"The leadership needs to have a different skill set and a different focus," he said. "They need to focus on public outreach. They need to focus on funding. They need to know what branding is."

5. Alternatives to tethering. 

Other mushers talked about a current flashpoint for mushing culture criticism, the tethering of dogs to houses in dog yards. Pictures of dogs on chains can paint a disturbing image on social media but some mushers say the longstanding practice is more humane and allows more one-on-one interaction with dogs than pens or kennels. It also prevents unwanted pregnancies and dog fights, they say.

"We're fighting the optics that this looks bad," Danny Seavey said. "And I agree, when you look at a dog lot, especially on a rainy day, it looks terrible. But that doesn't mean its inhumane."

Musher Zoya DeNure, of Delta Junction, recently published an outline for "best care" practices at kennels.

"If tethering is done right with a minimum 6.5-foot chain and dogs can play and interact, (it is) far superior to a wire kennel," said DeNure, who compared kennels to prison cells.

Danny Seavey said his father has given him a "blank check" to redesign the family's championship kennel, which could involve housing the dogs in barn-like buildings.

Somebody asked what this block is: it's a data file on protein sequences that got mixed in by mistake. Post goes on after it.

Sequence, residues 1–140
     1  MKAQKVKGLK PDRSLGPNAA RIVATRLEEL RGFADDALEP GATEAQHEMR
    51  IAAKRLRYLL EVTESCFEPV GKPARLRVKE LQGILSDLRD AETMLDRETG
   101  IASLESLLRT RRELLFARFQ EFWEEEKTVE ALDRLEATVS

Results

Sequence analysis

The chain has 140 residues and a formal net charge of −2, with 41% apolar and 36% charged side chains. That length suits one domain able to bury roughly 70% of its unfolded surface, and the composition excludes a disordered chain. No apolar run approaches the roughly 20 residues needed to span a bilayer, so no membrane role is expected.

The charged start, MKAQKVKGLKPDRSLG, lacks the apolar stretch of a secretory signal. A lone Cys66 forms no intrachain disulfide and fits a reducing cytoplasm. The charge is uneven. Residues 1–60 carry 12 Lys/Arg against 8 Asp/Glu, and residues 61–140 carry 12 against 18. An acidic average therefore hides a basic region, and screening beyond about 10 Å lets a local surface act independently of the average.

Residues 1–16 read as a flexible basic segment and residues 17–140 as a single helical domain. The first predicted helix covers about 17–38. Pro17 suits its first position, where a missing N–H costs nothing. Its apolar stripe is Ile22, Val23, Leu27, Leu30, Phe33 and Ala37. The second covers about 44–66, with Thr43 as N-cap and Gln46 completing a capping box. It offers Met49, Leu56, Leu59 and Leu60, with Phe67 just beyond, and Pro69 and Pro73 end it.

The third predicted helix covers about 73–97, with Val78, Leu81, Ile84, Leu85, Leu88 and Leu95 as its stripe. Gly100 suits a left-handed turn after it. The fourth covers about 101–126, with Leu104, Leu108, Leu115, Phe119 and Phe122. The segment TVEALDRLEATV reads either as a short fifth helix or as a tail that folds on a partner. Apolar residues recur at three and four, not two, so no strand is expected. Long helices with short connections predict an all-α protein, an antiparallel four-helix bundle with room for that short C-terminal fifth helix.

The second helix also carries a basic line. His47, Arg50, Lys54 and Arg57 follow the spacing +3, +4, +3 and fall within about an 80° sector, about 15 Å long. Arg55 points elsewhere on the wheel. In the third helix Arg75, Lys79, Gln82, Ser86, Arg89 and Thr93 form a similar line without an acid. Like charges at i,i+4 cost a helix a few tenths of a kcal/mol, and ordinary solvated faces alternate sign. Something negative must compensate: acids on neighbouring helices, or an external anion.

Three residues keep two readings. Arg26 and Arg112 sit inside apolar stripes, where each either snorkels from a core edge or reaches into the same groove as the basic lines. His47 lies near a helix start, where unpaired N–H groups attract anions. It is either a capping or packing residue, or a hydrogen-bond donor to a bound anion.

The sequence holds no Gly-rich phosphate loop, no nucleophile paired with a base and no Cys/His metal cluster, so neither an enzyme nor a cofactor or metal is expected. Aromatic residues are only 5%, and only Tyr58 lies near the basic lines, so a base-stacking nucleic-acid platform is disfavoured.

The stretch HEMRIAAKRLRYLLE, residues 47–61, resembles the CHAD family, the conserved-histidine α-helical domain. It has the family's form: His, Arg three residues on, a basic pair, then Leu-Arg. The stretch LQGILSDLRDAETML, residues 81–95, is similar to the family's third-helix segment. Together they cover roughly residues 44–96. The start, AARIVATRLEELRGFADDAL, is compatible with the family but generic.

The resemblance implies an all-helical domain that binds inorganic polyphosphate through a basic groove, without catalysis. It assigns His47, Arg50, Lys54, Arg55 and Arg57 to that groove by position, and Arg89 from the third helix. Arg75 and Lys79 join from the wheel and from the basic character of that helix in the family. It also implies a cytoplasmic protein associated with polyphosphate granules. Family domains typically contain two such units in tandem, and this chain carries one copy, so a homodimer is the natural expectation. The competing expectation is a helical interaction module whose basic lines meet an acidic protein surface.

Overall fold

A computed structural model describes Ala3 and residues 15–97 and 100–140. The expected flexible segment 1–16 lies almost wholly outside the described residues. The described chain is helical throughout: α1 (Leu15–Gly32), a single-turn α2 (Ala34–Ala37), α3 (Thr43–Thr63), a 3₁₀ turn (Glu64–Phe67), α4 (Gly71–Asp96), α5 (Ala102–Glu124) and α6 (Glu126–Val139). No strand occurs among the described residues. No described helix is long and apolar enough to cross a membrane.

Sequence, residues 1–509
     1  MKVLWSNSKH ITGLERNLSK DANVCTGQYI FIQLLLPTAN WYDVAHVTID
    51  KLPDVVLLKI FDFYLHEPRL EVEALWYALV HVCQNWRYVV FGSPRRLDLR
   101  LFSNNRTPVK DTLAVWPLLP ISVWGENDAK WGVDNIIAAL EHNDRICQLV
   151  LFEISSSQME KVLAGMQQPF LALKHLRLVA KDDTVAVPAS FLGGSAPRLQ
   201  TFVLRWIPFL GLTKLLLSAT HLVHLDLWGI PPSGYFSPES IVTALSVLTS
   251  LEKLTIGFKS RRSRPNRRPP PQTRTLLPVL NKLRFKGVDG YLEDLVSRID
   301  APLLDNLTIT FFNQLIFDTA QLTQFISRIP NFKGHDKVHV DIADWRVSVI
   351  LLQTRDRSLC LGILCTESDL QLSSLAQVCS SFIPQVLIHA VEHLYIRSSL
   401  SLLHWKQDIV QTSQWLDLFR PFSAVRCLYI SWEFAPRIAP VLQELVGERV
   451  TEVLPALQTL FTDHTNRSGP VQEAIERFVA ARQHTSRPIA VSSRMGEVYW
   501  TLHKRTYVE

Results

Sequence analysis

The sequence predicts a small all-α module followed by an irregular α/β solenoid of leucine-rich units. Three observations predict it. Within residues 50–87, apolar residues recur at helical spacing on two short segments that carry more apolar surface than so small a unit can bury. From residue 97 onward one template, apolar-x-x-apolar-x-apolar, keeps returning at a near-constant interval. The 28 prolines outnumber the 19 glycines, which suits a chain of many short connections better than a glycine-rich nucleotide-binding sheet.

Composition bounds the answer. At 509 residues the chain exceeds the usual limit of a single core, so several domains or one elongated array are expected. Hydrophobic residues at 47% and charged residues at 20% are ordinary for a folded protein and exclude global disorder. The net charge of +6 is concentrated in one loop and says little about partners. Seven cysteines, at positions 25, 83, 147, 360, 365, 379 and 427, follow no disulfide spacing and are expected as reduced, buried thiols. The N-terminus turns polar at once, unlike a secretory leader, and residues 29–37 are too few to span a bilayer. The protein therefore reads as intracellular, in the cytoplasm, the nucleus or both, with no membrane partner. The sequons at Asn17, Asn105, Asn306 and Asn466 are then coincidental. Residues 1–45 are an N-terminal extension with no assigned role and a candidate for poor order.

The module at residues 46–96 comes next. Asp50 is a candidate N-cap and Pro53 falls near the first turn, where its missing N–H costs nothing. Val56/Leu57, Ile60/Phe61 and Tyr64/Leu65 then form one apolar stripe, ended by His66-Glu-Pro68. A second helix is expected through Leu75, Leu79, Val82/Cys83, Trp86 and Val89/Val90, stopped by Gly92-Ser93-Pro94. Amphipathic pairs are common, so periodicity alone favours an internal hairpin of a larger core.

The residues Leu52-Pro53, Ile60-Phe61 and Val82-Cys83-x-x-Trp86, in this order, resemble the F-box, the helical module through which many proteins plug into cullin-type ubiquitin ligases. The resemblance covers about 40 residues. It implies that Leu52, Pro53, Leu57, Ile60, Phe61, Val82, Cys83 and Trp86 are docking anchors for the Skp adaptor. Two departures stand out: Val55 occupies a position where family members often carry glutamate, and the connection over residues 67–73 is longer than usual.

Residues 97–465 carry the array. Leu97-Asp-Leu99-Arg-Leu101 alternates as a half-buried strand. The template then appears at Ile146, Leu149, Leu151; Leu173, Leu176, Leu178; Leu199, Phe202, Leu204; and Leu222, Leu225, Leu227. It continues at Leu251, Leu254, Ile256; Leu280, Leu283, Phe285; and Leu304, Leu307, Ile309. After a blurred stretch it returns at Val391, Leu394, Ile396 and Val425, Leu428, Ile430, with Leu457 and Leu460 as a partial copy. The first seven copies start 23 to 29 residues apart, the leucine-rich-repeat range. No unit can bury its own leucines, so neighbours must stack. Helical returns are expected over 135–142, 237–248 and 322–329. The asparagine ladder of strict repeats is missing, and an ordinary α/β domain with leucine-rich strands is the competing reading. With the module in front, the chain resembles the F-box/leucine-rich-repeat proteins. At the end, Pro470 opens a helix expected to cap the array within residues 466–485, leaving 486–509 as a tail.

"We're going to hopefully be at the forefront of what is a better way to house dogs," he said.

Iditarod organizers announced plans in December to create dog care standards for future races and officials said the matter of conflicts of interest on the board of directors will likely be addressed in the spring.

None of the ideas are a silver bullet and all have their supporters and detractors. Still, Fairbanks musher Jodi Bailey, a six-time finisher, said competitors are game for the debate.

"There's the false idea that we're just trying to circle the wagons, hide and protect and I don't think that's true," Bailey said. "There's a lot of conversations going on in a lot of different areas about the best way to move forward."

Kyle Hopkins

Kyle Hopkins is special projects editor of the Anchorage Daily News. He was the lead reporter on the Pulitzer Prize-winning "Lawless" project and is part of an ongoing collaboration between the ADN and ProPublica's Local Reporting Network. He joined the ADN in 2004 and was also an editor and investigative reporter at KTUU-TV. Email

Tegan Hanlon

Tegan Hanlon was a reporter for the Anchorage Daily News between 2013 and 2019. She now reports for Alaska Public Media.